A construction worker's rapid fall from pain treatment to full-blown painkiller addiction

click to enlarge SCAR TISSUE: Joe's needle-damaged arms. - Robert Johnson
Robert Johnson
SCAR TISSUE: Joe's needle-damaged arms.

When the boom crane snapped its moorings and fell on Joe* in the wet, muddy Chicago fall of 1988, it was a bad start to a long Thanksgiving weekend. "It took three guys to lift the crane off me," Joe says, "but I was fine. Muddy, sore and cold, but fine. I mean, I thought I was fine." He wasn't. And 15 years, eight surgeries, two screws in his neck, five pins in his spine and another big plate in his neck later, he knew it.

In 2003, the screws in his neck popped out and the drugs he was taking for the pain were no longer working. "One day, you're a citizen, taking your meds as prescribed, doing what you're told, all that," Joe says. "Then the drugs stop working and you know it's illegal to get more, so you start changing the way you take them."

Joe — who had moved to Sarasota a few years after his accident — started crushing up his Roxycodone first. "Once you cross that line," Joe says, "it is unreal how fast shit starts to unravel." From crushed and swallowed, to smoked, to snorted, to melted down and injected. "I don't remember the timeline," Joe says, "but no matter how I took them, I just wasn't getting enough." And the issue went from pain to full-blown addiction.

WITH 100-PERCENT disability checks rolling in on a regular basis, Joe devoted his attention to his "pain management," and he met a lot of doctors. Because of the way the law works in Florida, Joe could get as many prescriptions filled as he wanted, but he could only get one prescription a month from any one doctor. To maintain his growing addiction he needed to find as many doctors to prescribe for him as he could.

"Ninety-five percent of these 'pain management doctors,'" says, lifts his hands and does the quote sign, "are crooked. All these ads you see on the backs of magazines like Creative Loafing, these guys, they don't accept health insurance so they don't have to have malpractice coverage. They only take cash or credit cards. A lot of them, they open up their own pharmacies in their offices. Often they don't open until the evenings when their clients get up and they won't accept patients under 25."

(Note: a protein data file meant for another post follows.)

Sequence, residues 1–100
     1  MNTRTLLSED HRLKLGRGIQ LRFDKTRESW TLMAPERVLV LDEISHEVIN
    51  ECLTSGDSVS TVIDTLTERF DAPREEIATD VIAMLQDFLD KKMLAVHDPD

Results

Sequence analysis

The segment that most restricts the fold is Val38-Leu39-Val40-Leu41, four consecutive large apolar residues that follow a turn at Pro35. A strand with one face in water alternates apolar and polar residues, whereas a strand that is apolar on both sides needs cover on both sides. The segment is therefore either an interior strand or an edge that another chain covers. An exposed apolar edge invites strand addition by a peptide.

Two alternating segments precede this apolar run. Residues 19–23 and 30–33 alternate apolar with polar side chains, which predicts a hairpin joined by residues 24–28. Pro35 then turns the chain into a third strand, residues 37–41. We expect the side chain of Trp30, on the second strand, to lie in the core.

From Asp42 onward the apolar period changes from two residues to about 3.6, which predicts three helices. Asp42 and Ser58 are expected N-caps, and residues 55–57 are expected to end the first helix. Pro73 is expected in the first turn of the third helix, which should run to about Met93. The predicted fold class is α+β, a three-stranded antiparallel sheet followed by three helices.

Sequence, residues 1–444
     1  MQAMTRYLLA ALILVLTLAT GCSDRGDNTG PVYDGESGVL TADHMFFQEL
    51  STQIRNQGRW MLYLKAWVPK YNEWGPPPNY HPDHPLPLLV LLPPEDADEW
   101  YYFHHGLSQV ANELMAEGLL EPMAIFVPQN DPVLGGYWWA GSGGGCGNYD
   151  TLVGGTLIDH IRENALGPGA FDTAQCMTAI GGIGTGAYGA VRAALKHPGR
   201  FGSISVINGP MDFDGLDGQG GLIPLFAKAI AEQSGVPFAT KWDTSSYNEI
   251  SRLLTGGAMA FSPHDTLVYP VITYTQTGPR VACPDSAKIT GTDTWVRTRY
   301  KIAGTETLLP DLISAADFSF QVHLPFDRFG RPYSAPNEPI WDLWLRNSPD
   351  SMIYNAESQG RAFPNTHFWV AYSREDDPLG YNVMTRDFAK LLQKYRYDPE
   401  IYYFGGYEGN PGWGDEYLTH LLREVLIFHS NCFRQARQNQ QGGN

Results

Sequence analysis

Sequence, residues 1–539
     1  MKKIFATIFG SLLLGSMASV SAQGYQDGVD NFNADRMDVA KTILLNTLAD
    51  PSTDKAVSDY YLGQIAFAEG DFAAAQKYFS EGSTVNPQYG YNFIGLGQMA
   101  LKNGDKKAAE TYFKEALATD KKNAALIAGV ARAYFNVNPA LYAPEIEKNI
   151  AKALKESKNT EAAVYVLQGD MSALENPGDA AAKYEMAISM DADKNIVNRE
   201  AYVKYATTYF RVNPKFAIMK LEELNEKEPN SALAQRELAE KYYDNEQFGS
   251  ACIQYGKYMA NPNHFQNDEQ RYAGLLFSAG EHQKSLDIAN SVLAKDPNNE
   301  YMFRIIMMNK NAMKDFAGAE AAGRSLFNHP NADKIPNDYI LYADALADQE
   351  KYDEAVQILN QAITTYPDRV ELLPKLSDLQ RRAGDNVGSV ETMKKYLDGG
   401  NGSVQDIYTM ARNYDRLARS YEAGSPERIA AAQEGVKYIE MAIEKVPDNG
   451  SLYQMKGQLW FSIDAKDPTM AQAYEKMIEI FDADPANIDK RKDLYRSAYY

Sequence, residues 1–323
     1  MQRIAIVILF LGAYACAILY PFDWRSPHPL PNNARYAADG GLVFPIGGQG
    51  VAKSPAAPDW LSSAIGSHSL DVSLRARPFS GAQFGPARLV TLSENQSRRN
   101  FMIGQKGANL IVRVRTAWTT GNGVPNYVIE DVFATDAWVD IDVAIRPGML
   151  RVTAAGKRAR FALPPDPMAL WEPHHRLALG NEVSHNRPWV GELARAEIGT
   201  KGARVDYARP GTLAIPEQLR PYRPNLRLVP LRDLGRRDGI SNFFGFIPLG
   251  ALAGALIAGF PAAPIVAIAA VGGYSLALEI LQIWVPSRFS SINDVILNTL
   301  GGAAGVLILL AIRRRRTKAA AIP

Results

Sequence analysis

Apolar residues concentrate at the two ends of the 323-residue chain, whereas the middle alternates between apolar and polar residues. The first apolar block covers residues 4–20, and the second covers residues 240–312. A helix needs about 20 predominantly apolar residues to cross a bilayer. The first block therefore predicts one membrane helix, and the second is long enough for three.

Joe named no specific advertisers, but said that checking the back page of the local alternative weekly is a common practice among users. "Every time I needed another doctor I just went out and picked up a Creative Loafing," Joe says. But there are plenty of other avenues as well: "You have to go by word on the street and local pharmacies," Joe continues, "because by the time there is any info on the Internet the place is usually already closed down or moved. It's a secret society and everyone who doctor-shops talks, so word travels fast about who the good doctors are." Good doctors meaning the ones that will prescribe the most pills in the fewest visits.

"I'd be in a doctor's office," Joe says, "it's 7 o'clock at night in August and the waiting room is full of people in sweatshirts, shivering their way through the first stages of withdrawal," Joe says. "I remember paying $800 for $400 worth of prescriptions right there in the office. Walking out and thinking: 'This shit is really, really fucked up.'"

The Sarasota County Sheriff's Office thinks so, too, which is why in November 2009 they launched their pharmaceutical investigation unit to crack down on prescription fraud and doctor shopping, and to minimize the number of overdoses. This sheriff's unit, combined with new legislation that monitors prescriptions, may have put an end to Joe's spiral, but at the time, there was very little oversight.

"Sometimes, you know, one of the 5 percent legitimate docs would request my prescription history. But, because the pharmacies, none of them are linked, I would walk in with my three-month printout from just one place," Joe says. He lights a cigarette and combination-laughs-and-coughs out a roomful of smoke. "That was the hardest part about the whole thing. Keeping the damn pharmacies straight." He shakes his head and points a finger in my direction. "You walk into the wrong pharmacy at the wrong time and they will call 911."

The "Pill Mill Bill" that Charlie Crist signed into legislation last summer aims to link pharmacies through a common database, tracking each patient to make sure they are buying only the amount of drugs allocated by one doctor for a given period.

The bill will also prohibit pain management doctors from prescribing more than a three-day supply of pills to clients who pay by cash, check or credit card. But for now, there is still nothing to stop addicts from acquiring as many pills as they desire.

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